Teton Dam – The Failure That Changed an Industry: Download

While there have been many notable dam failures throughout the past century, the failure of Teton Dam in 1976 led to significant changes at the Bureau of Reclamation, in the Federal Government, and in the dam engineering industry. This course will provide information about the dam, the failure, ensuing investigations, and the changes that were implemented in the years that followed.

Five Learning Objectives of This Course:

• The failure of Teton Dam was significant in defining the importance of dam safety and dam safety policy.

• The death toll could have been far worse if the timeline had unfolded differently.

• A dam failure brings extraordinary scrutiny upon the dam owner.

• While the failure was catastrophic, significant positive changes in the industry were initiated.

• Human factors play a key role in most if not all incidents/failures - we can’t just focus on technical issues.

Bruce C. Muller, Jr.

Technical Advisor-Dam Safety Interest Group

Bruce C Muller Jr is an independent consultant with a focus on helping dam owners meet their dam safety obligations in the most efficient and effective manner.  He retired from the US Bureau of Reclamation in 2018 as the Director of Security Safety and Law Enforcement, where he had responsibility for Reclamation’s physical risk management programs.  While at Reclamation, he spent 21 years as a dam designer, team leader, and project manager for concrete dams, spillways, and outlet works.  He spent another 18 years in program management for dam safety, information technology, and risk management.  His most significant contributions to Reclamation were the implementation of a risk-based dam safety program and the development of people for leadership positions in the organization.  Bruce holds a BS in Civil Engineering from Purdue University and a MS in Civil Engineering (Water Resources Management) from Colorado State University.

Bruce Feinberg

Civil Engineer

Bruce Feinberg works in the Bureau of Reclamation’s Technical Service Center located in Lakewood, Colorado. He specializes in flood inundation modeling, life loss consequences estimation and downstream hazard classification. Bruce was a member of the team that developed Reclamation’s Consequence Estimation Methodology (RCEM), which is an empirical method for estimating dam failure life loss. He has a bachelor’s degree in civil engineering from Colorado State University and has worked for Reclamation since 1990.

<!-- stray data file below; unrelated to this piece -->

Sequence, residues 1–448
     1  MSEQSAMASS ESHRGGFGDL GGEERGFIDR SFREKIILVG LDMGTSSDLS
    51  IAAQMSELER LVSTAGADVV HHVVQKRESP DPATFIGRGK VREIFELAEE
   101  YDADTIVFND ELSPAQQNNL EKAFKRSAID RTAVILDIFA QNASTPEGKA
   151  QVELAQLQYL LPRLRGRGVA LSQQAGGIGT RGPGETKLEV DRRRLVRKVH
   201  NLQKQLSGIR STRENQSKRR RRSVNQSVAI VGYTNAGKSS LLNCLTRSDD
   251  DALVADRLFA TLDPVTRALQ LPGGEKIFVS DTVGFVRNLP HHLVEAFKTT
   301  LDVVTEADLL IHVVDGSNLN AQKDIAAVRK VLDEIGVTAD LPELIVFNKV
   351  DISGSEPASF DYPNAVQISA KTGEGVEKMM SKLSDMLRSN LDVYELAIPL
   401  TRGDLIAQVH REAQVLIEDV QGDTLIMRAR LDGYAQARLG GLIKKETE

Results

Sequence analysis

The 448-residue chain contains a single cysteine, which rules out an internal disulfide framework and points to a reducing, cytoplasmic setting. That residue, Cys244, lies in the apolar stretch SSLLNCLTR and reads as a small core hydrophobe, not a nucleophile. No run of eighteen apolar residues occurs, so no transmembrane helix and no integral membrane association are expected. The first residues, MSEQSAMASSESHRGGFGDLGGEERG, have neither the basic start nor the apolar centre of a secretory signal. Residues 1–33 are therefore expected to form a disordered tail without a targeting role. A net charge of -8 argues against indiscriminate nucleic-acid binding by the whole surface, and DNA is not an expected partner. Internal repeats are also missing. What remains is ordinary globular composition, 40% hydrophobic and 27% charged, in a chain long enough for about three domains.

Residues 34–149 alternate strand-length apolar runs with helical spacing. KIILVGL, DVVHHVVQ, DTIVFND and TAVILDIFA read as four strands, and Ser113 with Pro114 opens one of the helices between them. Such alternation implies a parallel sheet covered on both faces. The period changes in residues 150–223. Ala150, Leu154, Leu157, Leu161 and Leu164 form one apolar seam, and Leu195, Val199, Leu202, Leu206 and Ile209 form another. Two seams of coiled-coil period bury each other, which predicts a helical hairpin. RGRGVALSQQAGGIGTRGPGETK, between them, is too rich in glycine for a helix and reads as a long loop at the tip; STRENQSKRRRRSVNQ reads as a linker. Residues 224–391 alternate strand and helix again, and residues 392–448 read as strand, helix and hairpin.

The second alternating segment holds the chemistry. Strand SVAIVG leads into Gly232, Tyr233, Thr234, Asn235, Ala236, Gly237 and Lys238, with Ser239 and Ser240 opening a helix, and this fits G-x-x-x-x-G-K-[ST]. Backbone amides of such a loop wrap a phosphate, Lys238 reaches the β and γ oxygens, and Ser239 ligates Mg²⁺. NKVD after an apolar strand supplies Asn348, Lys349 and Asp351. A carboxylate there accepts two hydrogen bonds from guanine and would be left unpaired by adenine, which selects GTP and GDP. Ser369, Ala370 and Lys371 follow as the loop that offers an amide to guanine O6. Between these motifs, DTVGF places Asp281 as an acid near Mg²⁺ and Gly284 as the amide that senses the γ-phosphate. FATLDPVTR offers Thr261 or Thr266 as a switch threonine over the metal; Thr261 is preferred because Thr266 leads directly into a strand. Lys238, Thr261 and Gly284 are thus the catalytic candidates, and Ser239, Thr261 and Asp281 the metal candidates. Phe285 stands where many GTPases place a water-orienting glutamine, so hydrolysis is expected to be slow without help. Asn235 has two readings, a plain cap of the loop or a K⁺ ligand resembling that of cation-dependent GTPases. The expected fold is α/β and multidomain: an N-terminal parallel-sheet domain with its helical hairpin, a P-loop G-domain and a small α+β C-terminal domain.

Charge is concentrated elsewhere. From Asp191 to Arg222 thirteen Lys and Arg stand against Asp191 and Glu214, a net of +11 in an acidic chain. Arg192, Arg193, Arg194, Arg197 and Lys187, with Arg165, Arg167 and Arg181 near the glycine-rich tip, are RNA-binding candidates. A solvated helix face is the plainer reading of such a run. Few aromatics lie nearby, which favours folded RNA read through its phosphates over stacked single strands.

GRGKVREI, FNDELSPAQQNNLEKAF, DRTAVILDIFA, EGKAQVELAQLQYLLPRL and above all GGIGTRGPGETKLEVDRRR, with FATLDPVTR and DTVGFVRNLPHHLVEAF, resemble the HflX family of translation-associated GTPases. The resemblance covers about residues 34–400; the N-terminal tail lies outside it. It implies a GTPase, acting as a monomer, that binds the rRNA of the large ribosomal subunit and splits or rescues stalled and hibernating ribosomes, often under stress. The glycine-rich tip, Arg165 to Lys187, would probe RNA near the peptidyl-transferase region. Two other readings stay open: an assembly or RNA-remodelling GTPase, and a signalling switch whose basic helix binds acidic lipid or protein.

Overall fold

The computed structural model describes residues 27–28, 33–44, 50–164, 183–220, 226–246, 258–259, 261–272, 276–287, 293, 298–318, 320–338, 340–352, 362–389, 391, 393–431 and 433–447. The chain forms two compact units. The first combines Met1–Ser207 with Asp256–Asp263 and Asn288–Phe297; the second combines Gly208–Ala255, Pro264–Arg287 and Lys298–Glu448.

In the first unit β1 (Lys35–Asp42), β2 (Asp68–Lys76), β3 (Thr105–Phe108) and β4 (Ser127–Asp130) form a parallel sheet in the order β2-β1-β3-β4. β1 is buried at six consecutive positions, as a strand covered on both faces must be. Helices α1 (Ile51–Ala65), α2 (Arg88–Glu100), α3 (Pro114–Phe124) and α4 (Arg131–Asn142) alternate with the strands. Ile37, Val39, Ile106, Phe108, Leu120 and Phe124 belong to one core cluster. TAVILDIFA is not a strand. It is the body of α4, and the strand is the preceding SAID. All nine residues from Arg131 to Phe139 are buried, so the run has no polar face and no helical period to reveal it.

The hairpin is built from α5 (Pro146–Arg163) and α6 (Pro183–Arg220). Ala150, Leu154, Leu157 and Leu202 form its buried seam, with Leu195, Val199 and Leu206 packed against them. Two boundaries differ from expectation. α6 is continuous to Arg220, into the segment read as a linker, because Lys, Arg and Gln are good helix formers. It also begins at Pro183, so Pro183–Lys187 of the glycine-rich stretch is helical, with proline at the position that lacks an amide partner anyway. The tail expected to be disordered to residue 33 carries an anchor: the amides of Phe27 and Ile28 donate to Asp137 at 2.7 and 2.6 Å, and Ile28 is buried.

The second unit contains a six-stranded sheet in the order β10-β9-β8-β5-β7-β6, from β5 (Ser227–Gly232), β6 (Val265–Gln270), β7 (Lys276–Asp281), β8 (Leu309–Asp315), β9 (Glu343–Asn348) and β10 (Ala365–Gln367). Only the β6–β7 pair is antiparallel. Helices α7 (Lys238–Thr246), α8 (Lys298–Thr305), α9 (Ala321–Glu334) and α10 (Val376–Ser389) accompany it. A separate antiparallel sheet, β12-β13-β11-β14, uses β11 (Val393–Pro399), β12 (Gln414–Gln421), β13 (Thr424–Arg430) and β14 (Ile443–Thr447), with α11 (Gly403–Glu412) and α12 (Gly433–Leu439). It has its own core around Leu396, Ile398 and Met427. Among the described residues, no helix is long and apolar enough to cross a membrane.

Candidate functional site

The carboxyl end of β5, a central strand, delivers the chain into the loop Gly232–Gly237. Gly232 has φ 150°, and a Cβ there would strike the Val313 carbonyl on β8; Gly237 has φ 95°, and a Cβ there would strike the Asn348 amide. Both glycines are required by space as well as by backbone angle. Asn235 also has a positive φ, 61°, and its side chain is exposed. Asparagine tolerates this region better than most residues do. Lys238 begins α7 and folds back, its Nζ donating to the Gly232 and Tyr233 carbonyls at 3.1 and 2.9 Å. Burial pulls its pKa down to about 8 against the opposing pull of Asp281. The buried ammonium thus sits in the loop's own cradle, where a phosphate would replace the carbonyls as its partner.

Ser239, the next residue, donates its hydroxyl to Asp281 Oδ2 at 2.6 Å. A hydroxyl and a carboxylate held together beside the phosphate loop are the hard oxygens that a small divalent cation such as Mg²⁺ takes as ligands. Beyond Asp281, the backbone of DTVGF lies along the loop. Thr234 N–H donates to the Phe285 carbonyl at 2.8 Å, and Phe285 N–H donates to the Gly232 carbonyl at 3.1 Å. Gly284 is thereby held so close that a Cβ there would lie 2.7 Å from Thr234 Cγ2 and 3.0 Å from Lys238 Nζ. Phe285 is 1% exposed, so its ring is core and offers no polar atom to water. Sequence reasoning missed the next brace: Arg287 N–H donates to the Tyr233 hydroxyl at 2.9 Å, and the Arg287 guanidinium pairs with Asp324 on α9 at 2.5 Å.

Nathaniel Gee

Regional Engineer-Lower Colorado Region

Nathaniel Gee is a professional civil engineer and currently serves as the Regional Engineer for the Bureau of Reclamation Lower Colorado Region in Boulder City, Nevada.   In this position he oversees the Dam Safety and Examination of Existing Structures programs that help protect and maintain elements of Reclamation’s aging infrastructure.  He has performed rope access and dive inspections of some of Reclamation’s largest and oldest dams including Roosevelt and Horse Mesa dams on the Salt River in Arizona, Parker Dam spanning the Colorado River near Lake Havasu City, and the majestic Hoover Dam.  Nathaniel received a bachelor’s degree in Civil Engineering from Brigham Young University, and a Master’s degree, also in Civil Engineering, from the University of Nevada - Las Vegas.  He lives in Boulder City with his wonderful wife, Jeanine, and seven energetic children.

  • I. Significant Historic Failures/Incidents 
    • A. Johnstown Dam (1989)
    • B. St. Francis Dam (1928) - California Dam Safety Program
    • C. Buffalo Creek Dam (1972) - National Dam Inspection Act
    • D. Kelley Barnes Dam - President Carter’s home state.
  • II. Teton Dam Failure 
    • A. Project Background 
    • B. Construction 
    • C. Failure 
      • 1. Timeline
      • 2. Consequences
        • a) Context of the fatalities
        • b) What contributed to the “mostly” successful evacuation?
        • c) How could the emergency response have been improved?
        • d) What if the failure had been at night?
  • III. Investigations into the failure 
    • A. 2-3 investigations
      • 1. Failure theories and conclusions. 
  • IV. Q&A 
  • V. Organizational Changes at Reclamation 
    • A. Fontenelle Dam
    • B. Inundations
    • C. SEED Inspections
    • D. Matrix Organization
    • E. Principal Designer Concept
    • F. Communications
    • G. Reclamation Safety of Dams Act
  • VI. Industry Changes 
    • A. ICODS
    • B. Federal Guidelines for Dam Safety
    • C. FEMA Dam
    • D. ASDSO
    • E. Risk Analysis
    • F. Potential Failure Modes Analysis
  • VII. Perspectives 44 years later (
    • A. Common elements of incidents/failures
      • 1. Lack of communication
      • 2. Suppression of critical information
      • 3. Designer optimism
      • 4. Human Factors
  • VIII. Best practices for preventing future failures 
    • A. Formal Inspection program
    • B. Formal review of design and construction
    • C. Documentation of decisions related to dam safety
    • D. Formal Dam Safety Program reviews (independent reviews)
  • IX. Q&A 


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